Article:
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Undersea link would be huge economic benefit: Paisley


Ian Paisley MP

Ian Paisley MP

Ian Paisley MP

Ian Paisley has said he would be “very happy” to see an undersea tunnel linking Northern Ireland and Scotland.

The North Antrim DUP MP was speaking following reports that a possible tunnel could get the green light as early as March in an effort to unblock trade.

The proposal — which could be shorter than the Channel Tunnel between Britain and France — would create the first fixed link between all four nations of the United Kingdom and possibly be dubbed ‘Boris’ Burrow’, according to a weekend report in The Sunday Telegraph.

Any new connection could also appease unionists who have expressed displeasure at the way the government has allowed the European Union to impose new checks on ferry cargo heading to Northern Ireland.

A study by the chairman of Network Rail Sir Peter Hendy will say whether a link between Stranraer in Scotland and Larne in Co Antrim is workable.

Sir Peter has met with Prime Minister Boris Johnson to discuss the findings, which could recommend the government commissions a feasibility study of the project.

Mr Johnson initially floated the idea of a bridge — dubbed the Boris Bridge — but a tunnel is now seen as a cheaper and more viable option.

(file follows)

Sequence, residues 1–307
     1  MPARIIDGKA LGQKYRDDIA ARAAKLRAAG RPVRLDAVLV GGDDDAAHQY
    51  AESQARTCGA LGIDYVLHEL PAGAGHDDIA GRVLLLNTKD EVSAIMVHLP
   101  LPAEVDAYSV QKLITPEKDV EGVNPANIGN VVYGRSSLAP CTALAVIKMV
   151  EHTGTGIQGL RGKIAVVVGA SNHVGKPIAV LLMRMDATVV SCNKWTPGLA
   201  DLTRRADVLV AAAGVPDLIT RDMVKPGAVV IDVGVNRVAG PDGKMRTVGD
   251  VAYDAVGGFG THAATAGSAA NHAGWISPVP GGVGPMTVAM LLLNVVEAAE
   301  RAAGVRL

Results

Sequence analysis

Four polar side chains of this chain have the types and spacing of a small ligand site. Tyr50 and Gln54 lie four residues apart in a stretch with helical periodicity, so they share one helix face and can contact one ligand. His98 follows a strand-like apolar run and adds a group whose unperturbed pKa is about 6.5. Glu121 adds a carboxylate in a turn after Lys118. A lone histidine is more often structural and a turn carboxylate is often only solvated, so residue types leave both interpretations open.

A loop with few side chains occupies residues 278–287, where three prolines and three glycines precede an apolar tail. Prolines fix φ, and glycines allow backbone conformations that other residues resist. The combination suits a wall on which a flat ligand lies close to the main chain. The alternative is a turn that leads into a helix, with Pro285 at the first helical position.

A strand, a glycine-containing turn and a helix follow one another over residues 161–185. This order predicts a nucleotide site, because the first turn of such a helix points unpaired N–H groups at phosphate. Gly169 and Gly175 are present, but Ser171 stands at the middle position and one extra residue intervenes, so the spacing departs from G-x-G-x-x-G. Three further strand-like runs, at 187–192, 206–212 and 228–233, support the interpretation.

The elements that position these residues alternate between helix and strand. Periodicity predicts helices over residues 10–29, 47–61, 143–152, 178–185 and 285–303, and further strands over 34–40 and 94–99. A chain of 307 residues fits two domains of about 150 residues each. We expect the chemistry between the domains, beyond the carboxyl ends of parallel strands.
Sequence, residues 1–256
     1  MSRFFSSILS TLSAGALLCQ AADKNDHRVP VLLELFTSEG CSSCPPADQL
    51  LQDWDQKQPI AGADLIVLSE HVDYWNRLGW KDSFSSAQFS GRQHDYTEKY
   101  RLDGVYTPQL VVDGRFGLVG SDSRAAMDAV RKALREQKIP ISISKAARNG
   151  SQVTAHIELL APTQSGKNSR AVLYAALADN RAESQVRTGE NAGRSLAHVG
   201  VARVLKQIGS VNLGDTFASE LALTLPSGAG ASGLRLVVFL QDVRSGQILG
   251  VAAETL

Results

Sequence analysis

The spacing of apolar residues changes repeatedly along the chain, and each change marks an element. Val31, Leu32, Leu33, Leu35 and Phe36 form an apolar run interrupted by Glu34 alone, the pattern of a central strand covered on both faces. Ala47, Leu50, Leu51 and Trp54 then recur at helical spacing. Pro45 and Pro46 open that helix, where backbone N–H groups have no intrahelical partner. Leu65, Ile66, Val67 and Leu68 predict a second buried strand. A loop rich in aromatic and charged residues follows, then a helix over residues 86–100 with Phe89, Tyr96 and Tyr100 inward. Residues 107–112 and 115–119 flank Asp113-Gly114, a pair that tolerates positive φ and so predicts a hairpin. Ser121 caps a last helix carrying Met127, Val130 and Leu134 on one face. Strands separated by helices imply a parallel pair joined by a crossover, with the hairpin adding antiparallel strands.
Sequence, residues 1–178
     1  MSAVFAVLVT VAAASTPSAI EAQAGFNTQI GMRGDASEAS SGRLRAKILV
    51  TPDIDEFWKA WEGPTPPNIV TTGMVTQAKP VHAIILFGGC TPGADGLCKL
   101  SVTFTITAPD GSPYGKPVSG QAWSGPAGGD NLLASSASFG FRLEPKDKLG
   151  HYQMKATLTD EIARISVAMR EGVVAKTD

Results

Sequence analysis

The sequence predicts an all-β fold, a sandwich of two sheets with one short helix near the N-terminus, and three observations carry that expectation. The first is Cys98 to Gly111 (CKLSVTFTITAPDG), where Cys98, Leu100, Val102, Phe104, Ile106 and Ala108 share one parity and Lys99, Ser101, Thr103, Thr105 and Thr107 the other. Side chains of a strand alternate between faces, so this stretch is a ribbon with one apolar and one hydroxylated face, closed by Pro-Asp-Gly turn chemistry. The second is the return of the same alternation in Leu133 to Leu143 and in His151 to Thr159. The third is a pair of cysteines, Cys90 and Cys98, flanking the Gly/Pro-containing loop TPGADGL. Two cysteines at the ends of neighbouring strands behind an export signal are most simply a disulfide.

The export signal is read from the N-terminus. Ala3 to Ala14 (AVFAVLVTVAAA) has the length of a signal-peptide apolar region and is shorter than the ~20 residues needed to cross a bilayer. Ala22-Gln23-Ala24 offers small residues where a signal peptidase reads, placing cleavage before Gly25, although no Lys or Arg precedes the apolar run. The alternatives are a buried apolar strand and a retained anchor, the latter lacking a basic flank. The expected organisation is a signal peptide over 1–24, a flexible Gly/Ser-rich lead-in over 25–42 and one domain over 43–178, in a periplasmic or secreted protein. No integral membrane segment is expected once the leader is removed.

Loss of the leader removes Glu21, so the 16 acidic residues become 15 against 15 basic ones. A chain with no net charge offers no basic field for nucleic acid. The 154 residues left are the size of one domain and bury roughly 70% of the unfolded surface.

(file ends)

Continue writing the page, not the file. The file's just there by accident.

Yesterday Mr Paisley backed the proposed new connection between Northern Ireland and Scotland. “I think this would be very beneficial economically and a huge infrastructural opportunity to include a link, either by rail, car, or whatever,” he said.

Conservative MP Simon Hoare, who chairs the Northern Ireland Affairs Committee, has blasted the tunnel idea, stating that “Puff the Magic Dragon” could be the inspector. Mr Hoare said a train in any undersea tunnel between here and Britain could be pulled by an “inexhaustible herd of unicorns overseen by stern, officious dodos”.

But Mr Paisley has criticised the opposition. He added: “An infrastructure project of these proportions would be of significant economic benefit and should not be dismissed just because it doesn’t fit in with some people’s political agenda who, on the surface, don’t want a closer economic and social union with the rest of the UK.

“It is disappointing that the chair of the select committee has immediately nailed his opinion to the mast by dismissing the project as it makes suspect any objectivity of a committee examination of the matter.”

Belfast Telegraph

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